Myanmar’s pesky post-election pause

November 10, 2015 12:07 PM (UTC+8)

 

Aung San Suu Kyi’s National League for Democracy party may have won a parliamentary majority with the military’s USDP conceding defeat, as she repeated her election triumph twenty-five years ago in an historic contest with honored results and fewer irregularities.

Aung San Suu Kyi on campaign trail
Aung San Suu Kyi on campaign trail

However, the jockeying to name the president as head of government has just begun and will last into early 2016, with the army’s automatic hold on one-quarter of legislative seats helping to shape the choice, and the ceasefire with fifteen rebel groups, excluding the Kachin and Shan independence armies, is also due to be finalized over that period. The packed political agenda omits issues like the rights of the minority Muslim Rohingya who were barred from voting, and human rights campaigners argue that Western trade sanctions should stay in place. Remaining restrictions will also be hard to relax with the generals’ dominance of the state oil and gas and other major companies, while the NLD’s campaign platform was also vague on future economic policy beyond “governance reform.” Its leadership also lacks business experience, prompting foreign investors to delay action despite progress on new banking and commercial laws.

About $20 billion in foreign direct investment has come in the past four years, mainly in energy and telecoms, since President Thein Sein announced the transition. China, Hong Kong, Japan and Singapore have been the largest sources, with interest from US and European multinationals in the consumer goods and property sectors. A handful of private equity firms have opened with local and overseas capital, and nine international banks received licenses to operate in the Thilawa special economic zone outside Yangon. They await modernization of the stock exchange, which will see a few company listings in a preliminary phase following the model in next-door Cambodia and Laos. The garment industry is viewed as the biggest potential employer, drawing low-wage and low-skilled labor from agriculture, and retailers like Gap and H&M have contracted suppliers. However of the 50 million population, textiles absorb only one quarter of a million workers due in part to chronic land, power and transport shortages. The near bottom 177 ranking in the World Bank’s 2015 Doing Business report has often barred the country altogether from consideration.

The IMF’s September Article IV report cited “daunting challenges” as the region’s poorest economy with USD 1,200 per-capita income. Trade and financial liberalization and labor and infrastructure improvement have begun, but the new government’s chief task will be to bolster basic stability despite headline 8% GDP growth, it argued. Inflation, partly due to 20% currency depreciation against the dollar before election season, is also near double digits. The fiscal and current account deficits are at 3% and 6% of GDP, respectively.  The central bank continues to finance the budget and foreign reserves are down to 3 months’ imports, a critical threshold. Private sector credit growth from a low base has been excessive at 35-50% annually, and natural gas earnings have declined with lower global prices. Fresh banking, commercial and investment laws have been prepared but still must be enacted and implemented, as financial sector supervisory capacity in particular is already strained, the Fund warned.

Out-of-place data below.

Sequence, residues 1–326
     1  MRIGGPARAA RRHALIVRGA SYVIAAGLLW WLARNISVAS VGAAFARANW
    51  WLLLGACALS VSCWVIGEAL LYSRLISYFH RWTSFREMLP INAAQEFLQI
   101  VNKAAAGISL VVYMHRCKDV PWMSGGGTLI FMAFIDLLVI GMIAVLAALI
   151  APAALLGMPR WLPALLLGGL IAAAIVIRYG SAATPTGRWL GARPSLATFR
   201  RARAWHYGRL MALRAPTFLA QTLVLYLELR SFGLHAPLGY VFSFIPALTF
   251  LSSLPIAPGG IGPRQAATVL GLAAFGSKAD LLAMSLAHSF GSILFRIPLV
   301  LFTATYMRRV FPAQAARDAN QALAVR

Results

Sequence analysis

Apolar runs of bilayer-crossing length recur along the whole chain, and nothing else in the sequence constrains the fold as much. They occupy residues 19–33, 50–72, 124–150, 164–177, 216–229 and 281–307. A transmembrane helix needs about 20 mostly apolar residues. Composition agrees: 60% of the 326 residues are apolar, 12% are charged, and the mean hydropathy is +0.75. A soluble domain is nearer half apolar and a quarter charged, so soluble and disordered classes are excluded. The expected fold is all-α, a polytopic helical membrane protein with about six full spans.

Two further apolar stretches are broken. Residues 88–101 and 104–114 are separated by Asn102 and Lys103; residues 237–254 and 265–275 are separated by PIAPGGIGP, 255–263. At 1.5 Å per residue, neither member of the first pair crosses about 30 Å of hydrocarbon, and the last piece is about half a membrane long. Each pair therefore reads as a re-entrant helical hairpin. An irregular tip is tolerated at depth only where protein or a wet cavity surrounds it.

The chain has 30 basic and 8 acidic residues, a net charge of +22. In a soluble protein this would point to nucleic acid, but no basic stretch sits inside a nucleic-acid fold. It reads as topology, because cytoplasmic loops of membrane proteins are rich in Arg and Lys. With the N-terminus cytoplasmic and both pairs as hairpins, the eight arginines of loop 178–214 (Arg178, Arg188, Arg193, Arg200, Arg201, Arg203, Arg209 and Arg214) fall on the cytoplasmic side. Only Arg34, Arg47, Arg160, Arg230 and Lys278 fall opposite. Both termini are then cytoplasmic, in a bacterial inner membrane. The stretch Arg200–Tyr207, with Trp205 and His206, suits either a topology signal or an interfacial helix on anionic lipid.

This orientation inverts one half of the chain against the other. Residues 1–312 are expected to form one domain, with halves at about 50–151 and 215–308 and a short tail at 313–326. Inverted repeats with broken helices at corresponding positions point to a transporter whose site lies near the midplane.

Exchange rate and monetary policies have been slow to correct despite large donor technical assistance programs, with the Asian Development Bank on the front lines. Pilot Treasury bill auctions have been launched, but interest rates have been capped and foreign bank branches banned from participation. The parallel and official currency markets have been partially unified, but import access has been limited. Bank lending is 90% short-term, under one year, with inadequate capital and liquidity, and state commercial and policy banks have multiplied without consolidation and reform, according to the IMF. The financial system, even with gradual sanctions removal, remains subject to international penalties for non-compliance with anti-money laundering rules. In the coming months the president’s top economic appointments could signal overdue banking and regulatory cleanups, and although Aung San Suu Kyi does not qualify constitutionally her clear embrace of friendly policies would replace luster to the Golden Land’s recently leaden business transition.

Gary N. Kleiman is an emerging markets specialist who runs Kleiman International in Washington, D.C.

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